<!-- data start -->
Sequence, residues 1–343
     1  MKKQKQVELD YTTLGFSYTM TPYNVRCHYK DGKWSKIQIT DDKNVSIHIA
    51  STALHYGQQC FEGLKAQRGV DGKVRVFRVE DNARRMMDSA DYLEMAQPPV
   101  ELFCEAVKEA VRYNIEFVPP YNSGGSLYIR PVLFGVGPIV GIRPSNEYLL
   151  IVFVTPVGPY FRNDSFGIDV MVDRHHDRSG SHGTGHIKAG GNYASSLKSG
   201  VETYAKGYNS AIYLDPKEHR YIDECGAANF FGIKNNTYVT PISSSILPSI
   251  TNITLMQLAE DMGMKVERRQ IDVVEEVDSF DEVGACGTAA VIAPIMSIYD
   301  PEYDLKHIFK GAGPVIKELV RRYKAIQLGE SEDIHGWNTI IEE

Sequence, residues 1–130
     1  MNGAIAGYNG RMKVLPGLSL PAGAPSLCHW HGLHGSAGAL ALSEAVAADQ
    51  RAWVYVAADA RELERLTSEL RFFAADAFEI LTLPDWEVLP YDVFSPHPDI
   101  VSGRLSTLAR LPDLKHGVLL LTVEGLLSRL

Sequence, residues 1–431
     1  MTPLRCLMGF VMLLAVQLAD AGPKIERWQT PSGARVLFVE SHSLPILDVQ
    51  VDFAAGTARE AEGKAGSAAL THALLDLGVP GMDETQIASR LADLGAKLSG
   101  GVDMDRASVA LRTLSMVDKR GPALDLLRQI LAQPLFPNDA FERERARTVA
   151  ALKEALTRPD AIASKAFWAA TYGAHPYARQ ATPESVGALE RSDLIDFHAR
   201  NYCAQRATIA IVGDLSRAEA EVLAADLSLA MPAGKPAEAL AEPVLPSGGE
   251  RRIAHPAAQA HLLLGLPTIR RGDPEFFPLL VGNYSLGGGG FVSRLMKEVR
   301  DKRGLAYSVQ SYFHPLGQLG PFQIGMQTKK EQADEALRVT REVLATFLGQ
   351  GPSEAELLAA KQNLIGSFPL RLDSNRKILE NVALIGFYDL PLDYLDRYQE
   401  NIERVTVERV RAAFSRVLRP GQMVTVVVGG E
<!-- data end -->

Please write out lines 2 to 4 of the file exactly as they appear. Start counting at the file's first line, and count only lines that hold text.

     1  MKKQKQVELD YTTLGFSYTM TPYNVRCHYK DGKWSKIQIT DDKNVSIHIA
    51  STALHYGQQC FEGLKAQRGV DGKVRVFRVE DNARRMMDSA DYLEMAQPPV
   101  ELFCEAVKEA VRYNIEFVPP YNSGGSLYIR PVLFGVGPIV GIRPSNEYLL